From what you’ve seen in Cambodia, what ages are the boys that are trafficked for sex?

Initially trafficked and abused from the age of about 8-9. This later develops into an older form of trade with teenage boys who often, being totally gender confused as a result of earlier abuse, become ladyboys and male prostitutes.

Who is buying and selling these boys? I am assuming it’s generally men, not women, who pay to abuse them?

Largely International pedophiles and as the boys grow older into Lady boys and male prostitutes the customers are homosexual/ bisexual international sex tourists. There is some domestic abuse of boys but it is limited.

brianFamily

Brian McConaghy & Family

When my husband Jay and I made our first documentary about sex trafficking in Canada, we interviewed Brian.  Before the camera started to roll, he told us that one boy that came to their kids club could not even physically sit when doing the activities because of the abuse he was being forced to endure each night.  That is why Ratanak and Hagar International partnered together to build a high security safe house specifically for boys.  Brian and his wife have also adopted two Cambodian boys, in an effort to give them a life that would prevent them from falling prey to such abuse.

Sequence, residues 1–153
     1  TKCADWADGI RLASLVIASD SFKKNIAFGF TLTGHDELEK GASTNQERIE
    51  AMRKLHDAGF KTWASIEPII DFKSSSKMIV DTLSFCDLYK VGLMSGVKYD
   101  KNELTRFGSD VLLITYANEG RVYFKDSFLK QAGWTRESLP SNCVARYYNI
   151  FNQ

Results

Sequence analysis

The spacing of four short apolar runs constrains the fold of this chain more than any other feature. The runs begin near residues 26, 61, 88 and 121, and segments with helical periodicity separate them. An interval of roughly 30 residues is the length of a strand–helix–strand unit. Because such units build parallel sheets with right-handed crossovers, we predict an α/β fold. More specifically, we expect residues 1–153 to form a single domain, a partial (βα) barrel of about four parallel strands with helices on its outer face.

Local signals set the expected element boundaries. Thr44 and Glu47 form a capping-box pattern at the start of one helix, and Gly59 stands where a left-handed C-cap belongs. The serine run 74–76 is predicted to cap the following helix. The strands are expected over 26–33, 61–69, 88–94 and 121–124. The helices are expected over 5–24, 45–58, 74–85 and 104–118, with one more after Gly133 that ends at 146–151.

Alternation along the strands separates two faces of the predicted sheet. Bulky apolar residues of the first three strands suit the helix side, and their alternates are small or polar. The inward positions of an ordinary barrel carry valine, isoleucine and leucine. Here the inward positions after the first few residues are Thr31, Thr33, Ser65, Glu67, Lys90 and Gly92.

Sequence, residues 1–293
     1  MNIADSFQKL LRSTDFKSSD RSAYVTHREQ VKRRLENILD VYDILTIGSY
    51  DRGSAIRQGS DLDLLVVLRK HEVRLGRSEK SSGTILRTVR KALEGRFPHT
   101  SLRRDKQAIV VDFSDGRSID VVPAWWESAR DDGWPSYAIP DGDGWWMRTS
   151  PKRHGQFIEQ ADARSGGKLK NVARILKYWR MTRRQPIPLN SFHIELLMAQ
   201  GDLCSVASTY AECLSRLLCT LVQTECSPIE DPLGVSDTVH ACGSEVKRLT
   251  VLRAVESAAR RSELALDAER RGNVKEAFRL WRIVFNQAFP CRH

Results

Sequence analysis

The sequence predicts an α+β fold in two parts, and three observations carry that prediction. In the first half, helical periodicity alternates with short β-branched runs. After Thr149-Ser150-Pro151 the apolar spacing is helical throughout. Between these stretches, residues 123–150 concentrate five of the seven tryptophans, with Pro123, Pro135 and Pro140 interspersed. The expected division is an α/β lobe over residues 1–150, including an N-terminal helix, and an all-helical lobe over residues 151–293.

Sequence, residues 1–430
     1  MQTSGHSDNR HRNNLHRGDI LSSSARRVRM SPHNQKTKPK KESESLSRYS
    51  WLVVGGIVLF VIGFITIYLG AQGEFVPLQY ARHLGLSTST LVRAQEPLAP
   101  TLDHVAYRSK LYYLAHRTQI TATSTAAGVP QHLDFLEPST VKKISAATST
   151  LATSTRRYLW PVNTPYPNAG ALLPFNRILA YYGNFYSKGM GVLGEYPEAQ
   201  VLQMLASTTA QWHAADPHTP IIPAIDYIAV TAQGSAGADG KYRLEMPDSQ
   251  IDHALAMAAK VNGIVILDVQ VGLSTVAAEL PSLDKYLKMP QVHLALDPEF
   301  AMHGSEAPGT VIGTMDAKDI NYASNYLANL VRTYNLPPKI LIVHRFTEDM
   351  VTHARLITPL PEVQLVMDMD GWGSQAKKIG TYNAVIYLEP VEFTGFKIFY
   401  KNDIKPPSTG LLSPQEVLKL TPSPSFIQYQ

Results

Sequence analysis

Overall though, boys and men are trafficked for sex in much smaller numbers than girls and women. They are trafficked in large numbers for labour though, and can be found on fishing boats, cocoa plantations, coffee farms, construction sites, and brick factories.  The horrific conditions in these ‘work’ environments strip them of their dignity and livelihood.  Can you imagine your brother or father being forced to work in a dangerous, grueling industry for no pay?  Heartbreaking.